Map of rift locations

Figure 1: Location of subaerial spreading centres. a, Overview map showing plate boundaries. b, Tectonic map of Iceland. Black dots are earthquakes. Ice caps are indicated in white. c, Tectonic map of the Afar region. 'Magmatic segments' re-plotted in a consistent style with the Icelandic 'fissure swarms'. AGS, Asal-Ghoubbet spreading centre; DS, Dabbahu spreading centre; EAS, Erta Ale spreading centre; RSR, Red Sea rift; GA, Gulf of Aden; MER, Main Ethiopian Rift.

Geophysical constraints on the dynamics of spreading centres from rifting episodes on land by T.Wright et al, 2012

Non-technical summary

Most of the Earth's crust is created along 60,000 km of mid-ocean ridge system. Here, tectonic plates spread apart and, in doing so, gradually build up stress. This stress is released during rifting episodes, when bursts of magmatic activity lead to the injection of vertical sheets of magma — termed dykes — into the crust.

Only 2% of the global mid-ocean ridge system is above sea level, so making direct observations of the rifting process is difficult. However, geodetic and seismic observations exist from spreading centres in Afar (East Africa) and Iceland that are exposed at the land surface.

Rifting episodes are rare, but the few that have been well observed at these sites have operated with remarkably similar mechanisms. Specifically, magma is supplied to the crust in an intermittent manner, and is stored at multiple positions and depths. It then laterally intrudes in dykes within the brittle upper crust. Depending on the availability of magma, multiple magma centres can interact during one rifting episode.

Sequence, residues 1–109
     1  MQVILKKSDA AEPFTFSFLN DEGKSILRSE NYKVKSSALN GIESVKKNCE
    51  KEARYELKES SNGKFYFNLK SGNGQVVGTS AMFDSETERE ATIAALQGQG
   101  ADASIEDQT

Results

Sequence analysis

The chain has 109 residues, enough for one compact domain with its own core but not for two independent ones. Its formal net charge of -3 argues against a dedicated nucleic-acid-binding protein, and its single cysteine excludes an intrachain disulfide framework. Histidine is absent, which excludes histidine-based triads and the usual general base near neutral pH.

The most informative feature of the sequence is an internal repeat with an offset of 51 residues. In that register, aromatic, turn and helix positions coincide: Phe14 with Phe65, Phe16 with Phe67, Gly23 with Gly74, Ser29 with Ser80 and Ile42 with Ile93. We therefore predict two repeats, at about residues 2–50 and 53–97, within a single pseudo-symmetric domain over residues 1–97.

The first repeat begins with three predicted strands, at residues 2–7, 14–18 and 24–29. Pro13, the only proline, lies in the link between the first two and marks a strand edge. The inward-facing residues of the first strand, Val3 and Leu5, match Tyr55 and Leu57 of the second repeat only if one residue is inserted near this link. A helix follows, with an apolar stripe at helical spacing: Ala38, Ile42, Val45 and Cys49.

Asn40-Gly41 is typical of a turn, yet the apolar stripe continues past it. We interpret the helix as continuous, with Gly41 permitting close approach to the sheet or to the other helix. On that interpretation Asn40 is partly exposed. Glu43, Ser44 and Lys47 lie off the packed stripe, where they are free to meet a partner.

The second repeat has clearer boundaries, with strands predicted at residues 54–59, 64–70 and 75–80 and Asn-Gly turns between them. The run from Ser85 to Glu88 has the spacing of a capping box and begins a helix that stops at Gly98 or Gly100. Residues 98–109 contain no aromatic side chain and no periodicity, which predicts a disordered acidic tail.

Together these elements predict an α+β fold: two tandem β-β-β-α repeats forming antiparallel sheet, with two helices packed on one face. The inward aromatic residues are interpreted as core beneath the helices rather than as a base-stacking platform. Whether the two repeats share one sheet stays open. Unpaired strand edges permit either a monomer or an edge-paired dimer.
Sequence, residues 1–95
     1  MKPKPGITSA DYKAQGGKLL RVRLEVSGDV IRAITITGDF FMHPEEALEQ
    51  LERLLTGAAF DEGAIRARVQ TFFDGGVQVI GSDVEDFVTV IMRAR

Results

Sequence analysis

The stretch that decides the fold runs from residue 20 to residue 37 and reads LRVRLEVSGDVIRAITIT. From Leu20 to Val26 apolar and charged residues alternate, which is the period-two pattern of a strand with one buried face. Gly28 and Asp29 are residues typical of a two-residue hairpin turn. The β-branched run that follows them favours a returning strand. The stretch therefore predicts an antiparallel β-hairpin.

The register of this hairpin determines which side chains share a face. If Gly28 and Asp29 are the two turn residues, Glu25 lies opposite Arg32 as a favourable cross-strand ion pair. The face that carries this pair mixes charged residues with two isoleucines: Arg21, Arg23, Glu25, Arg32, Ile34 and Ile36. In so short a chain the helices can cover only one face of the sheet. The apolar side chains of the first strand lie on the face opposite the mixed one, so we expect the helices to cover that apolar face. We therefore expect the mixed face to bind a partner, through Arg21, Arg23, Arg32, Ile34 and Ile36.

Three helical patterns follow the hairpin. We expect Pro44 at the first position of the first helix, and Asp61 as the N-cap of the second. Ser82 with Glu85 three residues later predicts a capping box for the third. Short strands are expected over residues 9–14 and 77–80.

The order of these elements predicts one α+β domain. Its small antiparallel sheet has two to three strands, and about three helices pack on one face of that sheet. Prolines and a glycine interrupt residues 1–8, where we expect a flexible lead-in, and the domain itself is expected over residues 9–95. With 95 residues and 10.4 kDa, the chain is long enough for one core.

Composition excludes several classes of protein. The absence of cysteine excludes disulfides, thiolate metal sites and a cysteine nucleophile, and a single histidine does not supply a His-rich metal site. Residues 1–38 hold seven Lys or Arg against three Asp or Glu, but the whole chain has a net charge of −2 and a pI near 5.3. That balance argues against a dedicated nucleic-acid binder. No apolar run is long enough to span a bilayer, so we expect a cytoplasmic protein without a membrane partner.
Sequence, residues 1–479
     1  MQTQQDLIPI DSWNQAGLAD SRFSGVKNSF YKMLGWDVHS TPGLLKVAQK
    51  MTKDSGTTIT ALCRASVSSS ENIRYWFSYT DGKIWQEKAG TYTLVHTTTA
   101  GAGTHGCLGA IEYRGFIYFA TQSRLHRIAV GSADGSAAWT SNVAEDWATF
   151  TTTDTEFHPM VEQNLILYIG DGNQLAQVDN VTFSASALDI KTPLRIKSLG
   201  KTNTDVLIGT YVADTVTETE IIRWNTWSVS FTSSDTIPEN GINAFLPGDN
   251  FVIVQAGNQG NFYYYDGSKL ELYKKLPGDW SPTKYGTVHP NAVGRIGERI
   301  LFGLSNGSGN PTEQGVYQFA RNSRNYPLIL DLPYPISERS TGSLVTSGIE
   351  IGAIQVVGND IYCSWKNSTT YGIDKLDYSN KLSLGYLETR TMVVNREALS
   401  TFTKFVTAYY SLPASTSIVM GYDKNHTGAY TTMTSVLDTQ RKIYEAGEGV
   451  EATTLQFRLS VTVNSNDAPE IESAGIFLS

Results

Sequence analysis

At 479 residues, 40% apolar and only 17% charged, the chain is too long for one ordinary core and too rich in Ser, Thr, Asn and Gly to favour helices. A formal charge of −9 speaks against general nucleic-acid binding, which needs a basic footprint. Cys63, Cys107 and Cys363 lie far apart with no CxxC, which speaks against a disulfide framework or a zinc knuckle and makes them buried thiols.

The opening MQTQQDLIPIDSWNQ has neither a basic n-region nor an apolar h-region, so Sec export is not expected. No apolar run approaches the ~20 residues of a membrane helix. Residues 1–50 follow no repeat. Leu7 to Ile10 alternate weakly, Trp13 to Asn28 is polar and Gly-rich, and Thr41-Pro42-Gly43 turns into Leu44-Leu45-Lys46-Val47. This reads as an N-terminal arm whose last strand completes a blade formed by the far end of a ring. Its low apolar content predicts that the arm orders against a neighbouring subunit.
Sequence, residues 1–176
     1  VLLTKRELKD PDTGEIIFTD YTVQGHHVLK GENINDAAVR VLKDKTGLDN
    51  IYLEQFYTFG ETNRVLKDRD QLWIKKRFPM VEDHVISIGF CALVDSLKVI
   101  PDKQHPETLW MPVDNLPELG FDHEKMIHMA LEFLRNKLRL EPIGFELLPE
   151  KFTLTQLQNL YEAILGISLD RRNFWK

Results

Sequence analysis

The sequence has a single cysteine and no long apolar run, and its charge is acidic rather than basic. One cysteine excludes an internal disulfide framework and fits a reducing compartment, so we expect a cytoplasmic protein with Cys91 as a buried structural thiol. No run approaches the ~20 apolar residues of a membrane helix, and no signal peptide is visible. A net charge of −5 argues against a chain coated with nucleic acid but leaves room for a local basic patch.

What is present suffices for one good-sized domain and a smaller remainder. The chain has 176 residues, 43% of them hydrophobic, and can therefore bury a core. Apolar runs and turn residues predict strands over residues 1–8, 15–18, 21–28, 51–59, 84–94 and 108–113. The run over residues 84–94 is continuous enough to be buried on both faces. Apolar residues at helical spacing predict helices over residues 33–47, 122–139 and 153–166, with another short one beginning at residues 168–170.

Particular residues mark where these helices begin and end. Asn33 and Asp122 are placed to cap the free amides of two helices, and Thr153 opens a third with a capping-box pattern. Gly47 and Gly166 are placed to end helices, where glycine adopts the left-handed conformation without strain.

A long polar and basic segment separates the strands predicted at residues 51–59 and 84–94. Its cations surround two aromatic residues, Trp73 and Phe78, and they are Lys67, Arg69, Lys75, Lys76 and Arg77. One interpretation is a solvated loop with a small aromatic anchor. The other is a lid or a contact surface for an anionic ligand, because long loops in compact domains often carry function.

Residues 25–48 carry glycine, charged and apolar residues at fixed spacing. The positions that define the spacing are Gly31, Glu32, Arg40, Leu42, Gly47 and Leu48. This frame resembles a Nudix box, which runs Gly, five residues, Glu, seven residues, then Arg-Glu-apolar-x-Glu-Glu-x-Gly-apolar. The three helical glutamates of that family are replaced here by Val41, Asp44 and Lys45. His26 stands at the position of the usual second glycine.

If large eruptions at spreading centres are to be forecast then rifting-cycle models will need to fully incorporate realistic crust and mantle properties, as well as the dynamic transport of magma.

Plumbing of magma chamber at Dabbahu

Figure 2: Conceptual model for slow-spreading ridges based on observations at subaerial spreading centres. a, Three-dimensional perspective of upper crust based on current understanding of the Dabbahu rift segment showing probable locations of magma chambers (dark red ellipsoids). Dykes are shown as red vertical planes. Topographic data are from the Shuttle Radar Topographic Mission at the zone of fissuring and faulting (highlighted in light red). Inferred hydraulic connections to deeper magma sources (red dashed lines). G, Gabho; DVC, Dabbahu Volcanic Centre; AVC, Ado 'Ale Volcanic Centre. b, Cross-section through typical slice of crust away from a magmatic centre. Dyke shown in red. Thin black arrows show magma flow direction; thick arrows show crustal extension direction.


Full paper (PDF file)